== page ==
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When new director of development for Trinity Capital Advisors Sherrie Chaffin surveys Charlotte for CRE opportunity, she sees the most potential in the industrial sector. All the ingredients are there for reasonably healthy growth in the coming years, she says.
Sherrie Chaffin
Sherrie tells us there's interest in Charlotte and surrounding counties, especially for industrial  build-to-suits in established parks that can take advantage of incentive packages and the local labor pool. But developers need to be on their toes: The ability to "quickly deliver product in today's market" drives tenants' decisions. Sherrie also tells us that the nearest deep-water port to Charlotte (if you guessed Charleston, pat yourself on the back) might also be the site of industrial growth, with trade spurred by the expansion of the Panama Canal in a few years. "It will be interesting to see if Charleston's deep water is a real advantage that attracts more industrial users."
Brooke Gibson
Brooke Gibson, a managing associate at industrial specialist Hart Corp, is also optimistic about industrial, calling demand "poised for a steady increase due to the onshoring phenomenon and the augmented import/export capacity that will accompany the expansion of the Panama Canal starting in 2014." (The canal again. Thanks,Teddy!) Build-to-suits will be doable, but Brooke adds that now is the time for developers to begin thinking about spec industrial if they're to stay ahead of the curve. Even though financing is rare not accompanied by a credit tenant, "we're nearing the end of our  quality supply, making new development inevitable. But the question is, who wants to be the  guinea pig?" (If Teddy Roosevelt were here, he'd do it. Imagine if he were the type to lose his nerve. We'd be touting the Panama Babbling Brook.)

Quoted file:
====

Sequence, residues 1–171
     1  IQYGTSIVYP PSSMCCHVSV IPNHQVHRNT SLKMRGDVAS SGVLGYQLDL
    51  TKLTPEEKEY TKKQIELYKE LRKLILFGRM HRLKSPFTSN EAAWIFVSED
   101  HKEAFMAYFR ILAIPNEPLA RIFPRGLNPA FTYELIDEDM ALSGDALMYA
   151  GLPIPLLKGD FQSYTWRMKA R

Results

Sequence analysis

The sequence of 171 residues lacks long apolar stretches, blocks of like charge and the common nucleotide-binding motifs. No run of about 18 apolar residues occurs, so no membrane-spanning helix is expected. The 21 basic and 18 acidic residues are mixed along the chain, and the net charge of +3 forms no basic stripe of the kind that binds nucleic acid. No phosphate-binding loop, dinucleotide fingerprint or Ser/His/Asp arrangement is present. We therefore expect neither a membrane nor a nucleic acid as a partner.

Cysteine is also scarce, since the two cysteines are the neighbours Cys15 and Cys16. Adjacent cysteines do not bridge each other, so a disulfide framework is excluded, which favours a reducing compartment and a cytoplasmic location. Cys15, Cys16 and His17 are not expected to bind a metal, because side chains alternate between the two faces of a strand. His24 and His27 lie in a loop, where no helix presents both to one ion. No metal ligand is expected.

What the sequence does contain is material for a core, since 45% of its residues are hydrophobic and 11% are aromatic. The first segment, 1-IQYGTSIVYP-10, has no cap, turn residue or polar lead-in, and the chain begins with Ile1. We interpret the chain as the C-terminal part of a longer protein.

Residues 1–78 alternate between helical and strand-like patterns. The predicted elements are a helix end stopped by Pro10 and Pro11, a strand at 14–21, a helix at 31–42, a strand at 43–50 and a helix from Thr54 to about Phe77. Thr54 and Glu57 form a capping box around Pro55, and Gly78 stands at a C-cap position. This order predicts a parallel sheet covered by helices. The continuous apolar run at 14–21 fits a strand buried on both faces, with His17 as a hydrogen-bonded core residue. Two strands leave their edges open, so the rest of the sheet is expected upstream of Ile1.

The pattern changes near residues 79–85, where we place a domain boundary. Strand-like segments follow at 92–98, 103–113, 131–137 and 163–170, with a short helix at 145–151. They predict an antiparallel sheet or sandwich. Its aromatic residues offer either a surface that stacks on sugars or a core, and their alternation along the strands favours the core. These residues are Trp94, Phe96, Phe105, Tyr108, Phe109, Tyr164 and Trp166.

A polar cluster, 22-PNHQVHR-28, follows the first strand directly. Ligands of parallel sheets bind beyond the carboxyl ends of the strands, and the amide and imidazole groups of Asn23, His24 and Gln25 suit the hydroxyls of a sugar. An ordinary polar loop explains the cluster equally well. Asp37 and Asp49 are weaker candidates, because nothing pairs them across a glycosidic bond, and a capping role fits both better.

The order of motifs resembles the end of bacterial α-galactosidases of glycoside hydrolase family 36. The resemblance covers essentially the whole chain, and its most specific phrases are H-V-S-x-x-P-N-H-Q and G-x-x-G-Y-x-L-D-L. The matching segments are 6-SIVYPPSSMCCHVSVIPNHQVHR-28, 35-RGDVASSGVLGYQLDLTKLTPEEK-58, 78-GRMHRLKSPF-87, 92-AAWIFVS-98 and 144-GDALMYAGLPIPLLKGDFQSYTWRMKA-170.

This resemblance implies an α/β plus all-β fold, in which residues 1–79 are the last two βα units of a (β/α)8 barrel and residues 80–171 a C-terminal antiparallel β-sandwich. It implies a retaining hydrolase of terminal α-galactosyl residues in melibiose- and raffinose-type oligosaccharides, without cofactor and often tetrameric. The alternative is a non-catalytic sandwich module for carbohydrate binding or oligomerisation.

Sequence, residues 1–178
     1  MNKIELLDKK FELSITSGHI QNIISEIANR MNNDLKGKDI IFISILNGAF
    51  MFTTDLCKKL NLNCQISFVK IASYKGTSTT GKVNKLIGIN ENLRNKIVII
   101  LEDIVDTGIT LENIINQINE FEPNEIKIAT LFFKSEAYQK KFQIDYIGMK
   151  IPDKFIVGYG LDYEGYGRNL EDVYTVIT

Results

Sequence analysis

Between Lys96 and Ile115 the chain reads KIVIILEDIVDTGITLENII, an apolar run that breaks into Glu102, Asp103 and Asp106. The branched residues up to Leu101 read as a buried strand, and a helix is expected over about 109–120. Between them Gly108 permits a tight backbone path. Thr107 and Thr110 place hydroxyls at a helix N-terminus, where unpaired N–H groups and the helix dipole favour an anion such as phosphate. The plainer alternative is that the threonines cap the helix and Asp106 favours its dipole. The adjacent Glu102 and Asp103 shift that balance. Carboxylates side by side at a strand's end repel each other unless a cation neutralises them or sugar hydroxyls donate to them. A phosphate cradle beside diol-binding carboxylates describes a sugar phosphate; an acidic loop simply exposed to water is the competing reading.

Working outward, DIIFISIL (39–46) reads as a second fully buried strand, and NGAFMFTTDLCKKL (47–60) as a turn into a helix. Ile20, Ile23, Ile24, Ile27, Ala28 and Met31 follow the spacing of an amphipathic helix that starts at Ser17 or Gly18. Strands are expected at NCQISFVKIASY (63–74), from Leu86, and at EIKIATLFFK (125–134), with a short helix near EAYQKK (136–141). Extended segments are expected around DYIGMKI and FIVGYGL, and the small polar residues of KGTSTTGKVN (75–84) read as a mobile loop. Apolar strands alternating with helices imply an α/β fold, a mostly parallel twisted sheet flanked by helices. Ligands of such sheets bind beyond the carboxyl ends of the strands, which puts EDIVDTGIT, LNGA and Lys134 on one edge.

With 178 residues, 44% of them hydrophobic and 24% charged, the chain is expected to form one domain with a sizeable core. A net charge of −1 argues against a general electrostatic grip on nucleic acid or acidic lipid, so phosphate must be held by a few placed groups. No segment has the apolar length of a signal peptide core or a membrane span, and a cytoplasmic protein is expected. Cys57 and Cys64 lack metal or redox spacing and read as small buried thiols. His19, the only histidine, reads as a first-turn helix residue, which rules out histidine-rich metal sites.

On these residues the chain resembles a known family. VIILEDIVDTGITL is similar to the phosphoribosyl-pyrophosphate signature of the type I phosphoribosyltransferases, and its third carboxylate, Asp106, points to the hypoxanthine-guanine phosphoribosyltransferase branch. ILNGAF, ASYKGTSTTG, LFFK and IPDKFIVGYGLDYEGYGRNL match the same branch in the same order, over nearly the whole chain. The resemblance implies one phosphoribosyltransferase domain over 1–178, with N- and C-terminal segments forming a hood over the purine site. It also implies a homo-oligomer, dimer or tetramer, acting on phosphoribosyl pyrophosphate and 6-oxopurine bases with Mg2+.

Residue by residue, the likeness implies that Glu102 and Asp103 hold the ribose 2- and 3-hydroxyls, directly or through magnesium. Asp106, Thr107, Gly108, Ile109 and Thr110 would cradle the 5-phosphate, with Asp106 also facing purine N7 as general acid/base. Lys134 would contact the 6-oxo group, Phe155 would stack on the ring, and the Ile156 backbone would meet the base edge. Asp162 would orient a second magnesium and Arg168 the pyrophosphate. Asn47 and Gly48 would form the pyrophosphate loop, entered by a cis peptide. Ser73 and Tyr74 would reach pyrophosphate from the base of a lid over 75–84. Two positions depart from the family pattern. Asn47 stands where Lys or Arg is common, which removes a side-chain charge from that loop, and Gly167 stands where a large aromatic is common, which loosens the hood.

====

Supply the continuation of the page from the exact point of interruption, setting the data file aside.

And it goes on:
Reznick (Chall) MCHAR
Related Topics: Hart Corp